For what it’s worth, East Windup Chronicle, another on-the-scenes site, echoes Allen’s less-than-glowing endorsement.

So there you have it; a few writers who actually have seen Tazawa pitch aren’t that impressed. He frankly sounds like another Kei Igawa to me who will be in way over his head in the minors. Japan’s industrial league is a far, far cry from the Majors.

As the Hot Stove heats up, we can’t lose sight of objectivity. If Cashman isn’t too keen on ruining the Yanks’ relationships with the other Japanese teams, perhaps it’s because the potential free agent just isn’t that good, and when writers on the scene say that, I’m inclined to believe them.

Open Thread: The ethics of recruiting Japanese players

Junichi Tazawa, the 22-year-old amateur free agent, is creating something of an international incident between the Japanese and American baseball leagues. Some teams from Japan are irked that Major League teams seem to be so heavily invested in landing the highly-touted right-hander.

In The Times today, Alan Schwarz and Brad Lefton covered the issue:

Many Japanese baseball officials are outraged that United States teams are courting Tazawa, a hard-throwing right-handed pitcher, because they insist it is long-established practice for amateurs like him to be strictly off limits to major league clubs. Even some American general managers, including the Yankees’ Brian Cashman, agree.

Major League Baseball officials maintain that the letter of their protocol agreement with their Japanese counterparts, Nippon Professional Baseball, does not forbid either league from courting amateur talent from the other’s nation. When one Japanese representative characterized the rule as a gentlemen’s agreement during a meeting in New York, he was angrily rebutted by a Major League Baseball official, according to two attendees.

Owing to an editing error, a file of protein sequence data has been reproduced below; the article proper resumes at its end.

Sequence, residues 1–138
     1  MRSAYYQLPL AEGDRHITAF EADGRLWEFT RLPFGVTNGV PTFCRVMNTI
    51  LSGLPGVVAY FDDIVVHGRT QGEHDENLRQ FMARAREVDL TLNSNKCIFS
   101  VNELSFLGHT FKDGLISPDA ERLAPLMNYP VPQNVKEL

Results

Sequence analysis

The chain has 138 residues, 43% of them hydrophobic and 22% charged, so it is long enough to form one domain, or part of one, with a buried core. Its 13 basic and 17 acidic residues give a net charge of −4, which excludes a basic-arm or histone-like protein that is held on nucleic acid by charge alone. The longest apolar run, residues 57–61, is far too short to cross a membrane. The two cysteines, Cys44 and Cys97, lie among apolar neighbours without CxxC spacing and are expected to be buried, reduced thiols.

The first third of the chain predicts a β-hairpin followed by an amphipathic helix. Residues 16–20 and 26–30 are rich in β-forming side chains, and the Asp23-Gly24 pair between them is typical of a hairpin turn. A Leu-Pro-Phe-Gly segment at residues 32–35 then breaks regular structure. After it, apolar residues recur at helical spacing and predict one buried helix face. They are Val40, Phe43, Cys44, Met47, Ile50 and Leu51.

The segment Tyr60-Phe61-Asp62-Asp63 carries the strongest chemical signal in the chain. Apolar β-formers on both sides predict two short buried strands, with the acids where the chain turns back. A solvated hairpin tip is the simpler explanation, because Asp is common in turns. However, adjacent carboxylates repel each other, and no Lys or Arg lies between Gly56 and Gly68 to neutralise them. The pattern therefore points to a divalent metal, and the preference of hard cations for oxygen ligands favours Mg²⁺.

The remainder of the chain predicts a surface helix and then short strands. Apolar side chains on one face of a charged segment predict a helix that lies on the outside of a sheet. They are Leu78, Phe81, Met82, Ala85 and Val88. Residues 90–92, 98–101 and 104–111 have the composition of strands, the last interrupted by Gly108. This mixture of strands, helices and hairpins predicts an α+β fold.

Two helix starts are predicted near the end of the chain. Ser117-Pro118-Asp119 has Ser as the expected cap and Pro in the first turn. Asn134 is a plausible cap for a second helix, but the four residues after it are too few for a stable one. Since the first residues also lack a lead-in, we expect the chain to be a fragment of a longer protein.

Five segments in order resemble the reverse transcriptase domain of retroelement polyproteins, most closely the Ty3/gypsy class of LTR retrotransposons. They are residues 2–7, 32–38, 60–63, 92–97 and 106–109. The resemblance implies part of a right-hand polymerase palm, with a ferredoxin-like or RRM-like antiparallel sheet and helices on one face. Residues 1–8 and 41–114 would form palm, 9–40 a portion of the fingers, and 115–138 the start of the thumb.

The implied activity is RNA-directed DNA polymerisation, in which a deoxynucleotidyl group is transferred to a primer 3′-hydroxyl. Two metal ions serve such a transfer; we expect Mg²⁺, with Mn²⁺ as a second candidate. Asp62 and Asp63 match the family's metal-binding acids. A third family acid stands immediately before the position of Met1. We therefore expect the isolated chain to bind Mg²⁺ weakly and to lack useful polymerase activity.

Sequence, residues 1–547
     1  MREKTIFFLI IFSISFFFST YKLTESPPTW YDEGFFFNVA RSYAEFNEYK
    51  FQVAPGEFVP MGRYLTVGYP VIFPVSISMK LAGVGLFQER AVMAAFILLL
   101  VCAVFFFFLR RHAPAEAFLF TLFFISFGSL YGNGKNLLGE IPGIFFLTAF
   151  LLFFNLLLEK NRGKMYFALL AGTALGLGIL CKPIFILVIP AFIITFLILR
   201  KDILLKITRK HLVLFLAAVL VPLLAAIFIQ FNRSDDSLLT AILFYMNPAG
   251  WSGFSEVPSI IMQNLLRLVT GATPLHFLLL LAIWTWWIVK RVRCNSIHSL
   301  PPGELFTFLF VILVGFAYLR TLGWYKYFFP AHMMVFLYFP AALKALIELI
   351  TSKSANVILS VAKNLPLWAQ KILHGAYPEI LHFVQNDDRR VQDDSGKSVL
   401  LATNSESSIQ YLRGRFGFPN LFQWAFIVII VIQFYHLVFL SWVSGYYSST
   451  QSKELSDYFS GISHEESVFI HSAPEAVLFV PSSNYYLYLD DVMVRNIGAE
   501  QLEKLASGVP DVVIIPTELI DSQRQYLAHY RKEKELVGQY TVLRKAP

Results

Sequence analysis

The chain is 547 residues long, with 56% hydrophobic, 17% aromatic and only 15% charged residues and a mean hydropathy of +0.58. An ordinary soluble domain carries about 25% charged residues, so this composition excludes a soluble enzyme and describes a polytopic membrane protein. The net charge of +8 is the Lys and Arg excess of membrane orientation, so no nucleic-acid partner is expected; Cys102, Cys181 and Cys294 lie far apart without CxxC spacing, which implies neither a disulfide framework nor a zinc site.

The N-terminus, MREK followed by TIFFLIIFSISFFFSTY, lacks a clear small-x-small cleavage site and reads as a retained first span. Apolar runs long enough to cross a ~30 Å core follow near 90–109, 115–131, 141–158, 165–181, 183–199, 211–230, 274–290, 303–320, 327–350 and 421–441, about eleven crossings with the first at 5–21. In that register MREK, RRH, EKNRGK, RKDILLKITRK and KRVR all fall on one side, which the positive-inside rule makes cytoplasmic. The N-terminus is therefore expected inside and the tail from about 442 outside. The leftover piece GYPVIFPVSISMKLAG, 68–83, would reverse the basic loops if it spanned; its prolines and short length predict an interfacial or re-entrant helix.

The Tazawa dispute extends beyond one pitching phenom and an interpretation of honor. The Japanese major leagues have already seen established stars leave for American clubs, and amateurs following Tazawa’s path away from those leagues could further hurt the leagues’ long-term viability.

As the Tazawa dispute has brewed this offseason, NPB officials released a statement on it: “This was more than just a gentlemen’s agreement, but rather an implicit understanding that the major leagues would do no such thing. That a handful of clubs from the majors is trying to break this gentlemen’s agreement is truly regrettable.”

As Schwarz and Lefton offer up an overview of the situation — including the typical glowing scouting reports on Tazawa — they bring the issue back home to New York: